A true oasis of peace in the middle of a highly urbanised Riviera Maya, the wild and well preserved Xcacel beach is an invite to a snorkeling time in the heart of the nature. North of Xcacel beach there is a small coral reef, well sheltered from the waves, where you can swim along a wide diversity of colourful fish. Since Xcacel is a sanctuary for sea turtles, the whole area is protected and fishing is banned.
Xcacel beach is located 8 km south of Akumal, around twenty kilometres north of Tulum and less than 3 km from Xel-Ha park. If you do not have a car, you can ask a taxi or a colectivo to drop you off at the intersection with Road 307 (marked by a big sign, location here), then walk to the beach (around 500m). The site is only opened from Tuesday to Sunday, from 10 a.m to 4 p.m and there is an entrance fee (Pesos 88/person for foreigners). From May to November, during the turtles’ spawning season, the water activities are limited and certain parts of the beach are closed.
Once you are on the beach, walk towards north (your left while facing the sea) for around 400 – 500m. You will find yourself in front of Xcacel coral reef, on which waves break around 200m away from the shore. Enter the water directly from the beach.
The snorkeling spot is located north of Xcacel beach, where a small coral reef has formed, stretching along approx. 400 m parallel to the beach. Stay within the area sheltered by the reef and do not move towards south, where the sea might be dangerous.
In the “lagoon” which stretches between the beach and the reef, the depth of the water does not exceed 2 to 2.50 m in the deepest areas. Close to the shore, the seafloor is bare and not very interesting. Farther off, close to the reef, the coral cover is in a variable state, but here and there you can find beautiful patches of lettuce coral, brain coral and Elkhorn coral. In particular, several varieties of gorgonians (sea whip gorgonians from the species Plexaura homomalla, but also common and purple sea fans) form true underwater forests in certain areas.
Xcacel reef is part of a protected sanctuary, which allows to spot many types of fish. When finswimming over the reef, you will surely sight sergeant majors, tang (blue and doctorfish), ocean triggerfish or even needlefish caught while stealthily hunting right below the surface of the water. During your snorkeling, you might even come across one of the enormous schools of hundreds of sailors grunts which live in the lagoon or a group of bigeye trevally resting close to the corals.
Even if Xcacel is a sanctuary for sea turtles, it is very rare to see them in the water in this spot, since they only come here for laying their eggs on the beach. In order to snorkel with sea turtles, it is better to go to Akumal Bay, a short drive away.
It is forbidden to bring food on the beach, but picnic tables have been installed close to the parking lot. Visitors are asked to take away their waste (as there are no garbage bins there). There are toilet facilities at the entrance in the sanctuary.
These spots are accessible to anyone with basic snorkeling skills, and feeling comfortable in the water and with his snorkeling gear. You will enter the water from the shore (beach, pontoon, ladder, rocks) or from a boat. The water height in the sea entrance area is reasonable, but you will not necessarily be within your depth. Moderate currents can occur in the area, even when the sea conditions are good. The distance to swim to reach the most interesting snorkeling areas of the spot does not exceed 200 meters.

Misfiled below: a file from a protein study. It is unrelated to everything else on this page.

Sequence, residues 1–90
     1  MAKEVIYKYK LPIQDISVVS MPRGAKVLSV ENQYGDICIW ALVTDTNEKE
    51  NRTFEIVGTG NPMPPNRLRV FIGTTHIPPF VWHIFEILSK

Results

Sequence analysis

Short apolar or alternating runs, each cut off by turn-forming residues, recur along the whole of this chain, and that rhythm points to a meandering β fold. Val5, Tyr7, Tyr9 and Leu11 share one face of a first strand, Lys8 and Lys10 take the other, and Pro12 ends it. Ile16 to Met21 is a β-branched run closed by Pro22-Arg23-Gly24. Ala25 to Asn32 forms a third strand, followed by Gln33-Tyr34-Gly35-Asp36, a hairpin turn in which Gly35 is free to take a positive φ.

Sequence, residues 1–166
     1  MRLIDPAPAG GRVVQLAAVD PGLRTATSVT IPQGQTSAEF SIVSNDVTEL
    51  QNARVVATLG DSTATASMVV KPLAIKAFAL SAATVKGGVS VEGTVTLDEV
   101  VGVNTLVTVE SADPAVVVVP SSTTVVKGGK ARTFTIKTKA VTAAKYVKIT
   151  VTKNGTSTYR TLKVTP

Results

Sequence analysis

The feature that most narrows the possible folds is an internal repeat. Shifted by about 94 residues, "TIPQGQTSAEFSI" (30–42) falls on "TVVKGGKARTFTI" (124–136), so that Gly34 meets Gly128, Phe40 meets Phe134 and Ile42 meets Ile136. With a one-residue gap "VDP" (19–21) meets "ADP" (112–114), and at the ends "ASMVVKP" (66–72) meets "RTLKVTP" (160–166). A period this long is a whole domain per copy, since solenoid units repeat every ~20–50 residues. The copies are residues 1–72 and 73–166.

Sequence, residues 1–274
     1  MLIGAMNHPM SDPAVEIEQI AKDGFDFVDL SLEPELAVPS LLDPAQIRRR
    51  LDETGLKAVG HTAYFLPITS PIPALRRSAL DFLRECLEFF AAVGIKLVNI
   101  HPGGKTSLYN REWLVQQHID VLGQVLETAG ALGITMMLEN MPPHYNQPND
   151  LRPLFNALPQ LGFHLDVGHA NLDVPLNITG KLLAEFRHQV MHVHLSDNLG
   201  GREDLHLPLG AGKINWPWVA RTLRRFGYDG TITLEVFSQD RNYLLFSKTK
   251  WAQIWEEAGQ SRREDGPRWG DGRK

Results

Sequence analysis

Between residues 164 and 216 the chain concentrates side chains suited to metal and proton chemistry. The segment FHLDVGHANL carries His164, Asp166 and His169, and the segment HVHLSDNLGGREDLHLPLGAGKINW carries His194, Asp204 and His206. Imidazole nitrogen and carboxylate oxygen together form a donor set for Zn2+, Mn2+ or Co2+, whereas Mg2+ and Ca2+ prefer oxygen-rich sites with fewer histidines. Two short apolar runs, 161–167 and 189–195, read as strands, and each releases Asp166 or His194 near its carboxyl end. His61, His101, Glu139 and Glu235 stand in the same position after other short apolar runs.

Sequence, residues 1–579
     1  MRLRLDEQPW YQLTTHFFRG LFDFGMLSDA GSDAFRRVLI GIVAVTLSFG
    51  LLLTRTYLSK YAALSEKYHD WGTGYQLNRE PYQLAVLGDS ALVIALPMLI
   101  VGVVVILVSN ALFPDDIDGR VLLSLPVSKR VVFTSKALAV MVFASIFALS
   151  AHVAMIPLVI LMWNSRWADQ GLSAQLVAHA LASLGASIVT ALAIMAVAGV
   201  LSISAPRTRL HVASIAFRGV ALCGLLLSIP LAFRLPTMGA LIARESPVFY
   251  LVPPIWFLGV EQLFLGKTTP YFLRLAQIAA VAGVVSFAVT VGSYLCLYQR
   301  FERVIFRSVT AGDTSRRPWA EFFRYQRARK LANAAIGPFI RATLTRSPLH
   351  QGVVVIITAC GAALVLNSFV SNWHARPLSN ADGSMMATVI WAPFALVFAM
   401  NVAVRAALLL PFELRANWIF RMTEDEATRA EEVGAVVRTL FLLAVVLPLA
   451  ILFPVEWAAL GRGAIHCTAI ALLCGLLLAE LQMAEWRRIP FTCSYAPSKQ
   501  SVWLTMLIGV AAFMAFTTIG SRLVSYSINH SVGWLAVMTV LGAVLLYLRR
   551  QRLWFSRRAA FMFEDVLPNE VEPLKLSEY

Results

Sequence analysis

This level only apply when the spot experiences optimal sea and/or weather conditions. It is not applicable if the sea and/or weather conditions deteriorate, in particular in the presence of rough sea, rain, strong wind, unusual current, large tides, waves and/or swell. You can find more details about the definition of our snorkeling levels on our snorkeling safety page.
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Snorkeling spots are part of a wild environment and their aspect can be significantly altered by weather, seasons, sea conditions, human impact and climate events (storms, hurricanes, seawater-warming episodes…). The consequences can be an alteration of the seabed (coral bleaching, coral destruction, and invasive seagrass), a poor underwater visibility, or a decrease of the sea life present in the area. Snorkeling Report makes every effort to ensure that all the information displayed on this website is accurate and up-to-date, but no guarantee is given that the underwater visibility and seabed aspect will be exactly as described on this page the day you will snorkel the spot. If you recently snorkeled this area and noticed some changes compared to the information contained on this page, please contact us.
The data contained in this website is for general information purposes only, and is not legal advice. It is intended to provide snorkelers with the information that will enable them to engage in safe and enjoyable snorkeling, and it is not meant as a substitute for swim level, physical condition, experience, or local knowledge. Remember that all marine activities, including snorkeling, are potentially dangerous, and that you enter the water at your own risk. You must take an individual weather, sea conditions and hazards assessment before entering the water. If snorkeling conditions are degraded, postpone your snorkeling or select an alternate site. Know and obey local laws and regulations, including regulated areas, protected species, wildlife interaction and dive flag laws.
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